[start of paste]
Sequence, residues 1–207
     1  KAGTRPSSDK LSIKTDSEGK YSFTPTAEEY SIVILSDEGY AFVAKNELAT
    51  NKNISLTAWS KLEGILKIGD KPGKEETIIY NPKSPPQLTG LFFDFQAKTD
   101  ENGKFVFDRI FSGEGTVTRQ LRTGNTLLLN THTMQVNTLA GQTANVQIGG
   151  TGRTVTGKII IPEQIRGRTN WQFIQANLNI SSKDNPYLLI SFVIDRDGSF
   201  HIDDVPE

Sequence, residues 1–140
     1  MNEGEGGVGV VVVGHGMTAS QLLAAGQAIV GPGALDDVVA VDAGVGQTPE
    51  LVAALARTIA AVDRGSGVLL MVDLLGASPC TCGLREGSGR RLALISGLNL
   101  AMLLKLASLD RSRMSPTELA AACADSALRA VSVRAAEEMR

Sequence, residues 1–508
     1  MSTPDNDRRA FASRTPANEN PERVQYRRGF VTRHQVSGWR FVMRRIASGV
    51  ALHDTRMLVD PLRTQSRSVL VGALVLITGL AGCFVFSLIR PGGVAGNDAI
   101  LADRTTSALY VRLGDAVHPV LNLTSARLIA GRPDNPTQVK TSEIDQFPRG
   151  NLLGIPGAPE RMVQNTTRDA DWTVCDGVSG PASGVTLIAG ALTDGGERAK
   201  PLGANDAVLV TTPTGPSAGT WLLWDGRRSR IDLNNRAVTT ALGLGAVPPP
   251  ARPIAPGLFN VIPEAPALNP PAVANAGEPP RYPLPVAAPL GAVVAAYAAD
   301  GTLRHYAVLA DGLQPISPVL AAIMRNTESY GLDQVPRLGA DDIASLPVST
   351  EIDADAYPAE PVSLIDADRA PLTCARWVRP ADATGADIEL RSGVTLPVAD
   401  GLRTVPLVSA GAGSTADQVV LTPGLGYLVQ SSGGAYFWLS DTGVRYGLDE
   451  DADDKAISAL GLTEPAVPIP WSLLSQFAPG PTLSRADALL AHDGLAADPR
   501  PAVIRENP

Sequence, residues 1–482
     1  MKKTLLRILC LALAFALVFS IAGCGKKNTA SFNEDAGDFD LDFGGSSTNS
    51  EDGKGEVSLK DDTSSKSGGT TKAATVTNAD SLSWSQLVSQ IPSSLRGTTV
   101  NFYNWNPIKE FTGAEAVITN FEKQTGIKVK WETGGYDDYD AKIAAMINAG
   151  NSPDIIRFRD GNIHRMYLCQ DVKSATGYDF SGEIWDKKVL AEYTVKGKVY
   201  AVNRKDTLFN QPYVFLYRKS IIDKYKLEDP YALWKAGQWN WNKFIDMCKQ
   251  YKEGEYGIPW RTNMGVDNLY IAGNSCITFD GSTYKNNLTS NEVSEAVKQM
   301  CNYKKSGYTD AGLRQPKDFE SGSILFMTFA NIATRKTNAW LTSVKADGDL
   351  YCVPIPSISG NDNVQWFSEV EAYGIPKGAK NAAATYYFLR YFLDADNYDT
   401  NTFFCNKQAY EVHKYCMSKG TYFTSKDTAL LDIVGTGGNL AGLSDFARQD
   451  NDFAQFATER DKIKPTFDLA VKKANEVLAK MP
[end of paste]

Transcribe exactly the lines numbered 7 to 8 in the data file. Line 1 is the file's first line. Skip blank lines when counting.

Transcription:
Sequence, residues 1–140
     1  MNEGEGGVGV VVVGHGMTAS QLLAAGQAIV GPGALDDVVA VDAGVGQTPE